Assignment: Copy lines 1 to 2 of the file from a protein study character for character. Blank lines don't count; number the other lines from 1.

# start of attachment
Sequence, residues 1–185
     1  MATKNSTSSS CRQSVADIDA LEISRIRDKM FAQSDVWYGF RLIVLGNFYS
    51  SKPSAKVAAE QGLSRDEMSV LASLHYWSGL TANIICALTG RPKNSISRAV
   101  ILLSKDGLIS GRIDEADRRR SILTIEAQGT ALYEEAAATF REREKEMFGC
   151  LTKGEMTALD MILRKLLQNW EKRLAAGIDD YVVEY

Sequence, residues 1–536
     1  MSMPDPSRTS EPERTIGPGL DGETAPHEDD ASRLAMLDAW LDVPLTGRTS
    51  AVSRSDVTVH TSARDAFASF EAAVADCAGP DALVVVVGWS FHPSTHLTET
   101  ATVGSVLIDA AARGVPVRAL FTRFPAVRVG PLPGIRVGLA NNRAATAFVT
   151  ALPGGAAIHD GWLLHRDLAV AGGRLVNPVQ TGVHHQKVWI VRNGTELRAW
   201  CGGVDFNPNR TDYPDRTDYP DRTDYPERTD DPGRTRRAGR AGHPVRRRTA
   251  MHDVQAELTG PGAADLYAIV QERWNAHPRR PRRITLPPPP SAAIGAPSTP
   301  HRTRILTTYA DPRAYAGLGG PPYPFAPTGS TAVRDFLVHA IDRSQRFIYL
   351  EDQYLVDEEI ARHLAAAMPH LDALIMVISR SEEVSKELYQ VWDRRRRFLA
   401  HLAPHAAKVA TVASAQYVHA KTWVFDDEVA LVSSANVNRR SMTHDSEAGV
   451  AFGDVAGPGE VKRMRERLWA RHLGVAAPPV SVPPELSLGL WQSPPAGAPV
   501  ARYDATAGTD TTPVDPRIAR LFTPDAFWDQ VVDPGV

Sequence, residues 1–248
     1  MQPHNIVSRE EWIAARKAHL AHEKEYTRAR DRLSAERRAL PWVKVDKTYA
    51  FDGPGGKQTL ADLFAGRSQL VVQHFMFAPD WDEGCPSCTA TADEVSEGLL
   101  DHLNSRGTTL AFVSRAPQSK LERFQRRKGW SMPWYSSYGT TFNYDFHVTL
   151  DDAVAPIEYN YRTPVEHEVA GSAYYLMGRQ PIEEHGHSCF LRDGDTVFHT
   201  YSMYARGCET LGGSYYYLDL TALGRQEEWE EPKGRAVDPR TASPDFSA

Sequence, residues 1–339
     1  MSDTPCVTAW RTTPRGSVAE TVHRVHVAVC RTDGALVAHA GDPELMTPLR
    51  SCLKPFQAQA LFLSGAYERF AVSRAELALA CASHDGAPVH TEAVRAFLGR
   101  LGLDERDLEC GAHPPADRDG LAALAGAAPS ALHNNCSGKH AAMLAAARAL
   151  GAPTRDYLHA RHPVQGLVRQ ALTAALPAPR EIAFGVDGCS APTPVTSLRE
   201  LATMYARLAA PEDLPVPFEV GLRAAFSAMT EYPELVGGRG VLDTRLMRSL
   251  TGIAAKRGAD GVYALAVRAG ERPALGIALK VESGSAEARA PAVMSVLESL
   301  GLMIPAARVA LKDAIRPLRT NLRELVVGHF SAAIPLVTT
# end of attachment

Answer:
Sequence, residues 1–185
     1  MATKNSTSSS CRQSVADIDA LEISRIRDKM FAQSDVWYGF RLIVLGNFYS